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No Accident, ComradeChance and Design in Cold War American Narratives$
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Steven Belletto

Print publication date: 2011

Print ISBN-13: 9780199826889

Published to Oxford Scholarship Online: May 2012

DOI: 10.1093/acprof:oso/9780199826889.001.0001

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The Zemblan Who Came in from the Cold

The Zemblan Who Came in from the Cold

Nabokov’s Cold War

Chapter:
(p.61) 3 The Zemblan Who Came in from the Cold
Source:
No Accident, Comrade
Author(s):

Steven Belletto

Publisher:
Oxford University Press
DOI:10.1093/acprof:oso/9780199826889.003.0003

Vladimir Nabokov has been taken by many readers to be pugnaciously apolitical in his work—indeed, until very recently, few critics have thought of Nabokov as engaging political questions at all. Chapter three shows, by contrast, how attention to chance changes our sense of Nabokov’s aesthetic project as it demonstrates a politics folded into the very texture of his writing. Reading Pale Fire (1962) in a Cold War context, the chapter suggests that far from being only an apolitical novel of wordplay, it in fact intervenes in mid-century controversies about Communism and homosexuality. By focusing on the way that one important character, Charles Kinbote, treats chance versus its presence in the novel as a whole, this chapter argues that Pale Fire demonstrates the absurdity of what I term the homophobic narrative (the tendency to equate homosexual people with everything from perverts to political traitors) which works by foreclosing chance in ways that echo the denial of chance by those totalitarian regimes haunting Kinbote’s own tale.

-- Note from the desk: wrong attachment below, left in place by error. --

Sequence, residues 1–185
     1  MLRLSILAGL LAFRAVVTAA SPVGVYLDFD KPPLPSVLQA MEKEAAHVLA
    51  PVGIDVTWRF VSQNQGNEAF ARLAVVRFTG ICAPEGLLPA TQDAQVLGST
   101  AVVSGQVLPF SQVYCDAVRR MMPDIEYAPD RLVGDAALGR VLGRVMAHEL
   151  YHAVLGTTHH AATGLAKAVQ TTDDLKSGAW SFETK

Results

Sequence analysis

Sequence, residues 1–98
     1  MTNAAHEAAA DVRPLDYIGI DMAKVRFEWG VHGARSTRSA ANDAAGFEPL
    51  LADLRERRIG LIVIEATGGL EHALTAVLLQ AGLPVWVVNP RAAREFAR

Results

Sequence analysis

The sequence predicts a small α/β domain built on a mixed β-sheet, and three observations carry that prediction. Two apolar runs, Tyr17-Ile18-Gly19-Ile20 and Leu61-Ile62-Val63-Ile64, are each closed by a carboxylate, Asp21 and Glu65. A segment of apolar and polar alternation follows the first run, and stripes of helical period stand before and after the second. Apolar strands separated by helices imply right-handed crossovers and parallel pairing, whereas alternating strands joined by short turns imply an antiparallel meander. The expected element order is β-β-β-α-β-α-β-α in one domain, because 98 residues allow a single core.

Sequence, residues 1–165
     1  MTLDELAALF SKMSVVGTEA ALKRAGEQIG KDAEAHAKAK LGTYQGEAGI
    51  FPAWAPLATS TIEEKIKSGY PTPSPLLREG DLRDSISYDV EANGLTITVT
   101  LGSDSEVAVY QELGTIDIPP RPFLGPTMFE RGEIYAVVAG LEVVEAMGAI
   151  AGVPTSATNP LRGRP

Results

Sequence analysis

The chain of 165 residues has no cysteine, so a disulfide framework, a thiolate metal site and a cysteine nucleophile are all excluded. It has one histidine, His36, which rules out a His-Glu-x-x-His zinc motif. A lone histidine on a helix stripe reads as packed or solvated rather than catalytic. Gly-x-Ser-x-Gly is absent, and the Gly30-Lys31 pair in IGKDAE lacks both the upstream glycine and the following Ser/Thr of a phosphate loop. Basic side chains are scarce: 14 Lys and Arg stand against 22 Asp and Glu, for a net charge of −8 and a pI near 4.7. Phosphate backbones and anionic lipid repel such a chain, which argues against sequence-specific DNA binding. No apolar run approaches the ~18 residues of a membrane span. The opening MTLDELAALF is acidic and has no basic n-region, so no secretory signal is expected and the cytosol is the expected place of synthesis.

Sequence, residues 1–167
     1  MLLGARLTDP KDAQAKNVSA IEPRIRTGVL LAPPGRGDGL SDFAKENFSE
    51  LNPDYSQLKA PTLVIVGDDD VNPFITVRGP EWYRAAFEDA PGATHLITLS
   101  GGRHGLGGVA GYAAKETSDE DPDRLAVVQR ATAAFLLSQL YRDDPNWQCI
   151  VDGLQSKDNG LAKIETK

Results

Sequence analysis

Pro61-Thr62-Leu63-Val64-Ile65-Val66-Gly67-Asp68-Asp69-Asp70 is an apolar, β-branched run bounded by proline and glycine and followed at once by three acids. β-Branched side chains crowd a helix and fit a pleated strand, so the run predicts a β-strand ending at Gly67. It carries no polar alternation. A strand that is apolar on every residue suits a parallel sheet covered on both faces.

Keywords:   Vladimir Nabokov, Pale Fire (1962), homosexuality during the Cold War, aesthetics and politics during the Cold War, Nova Zembla in the Cold War

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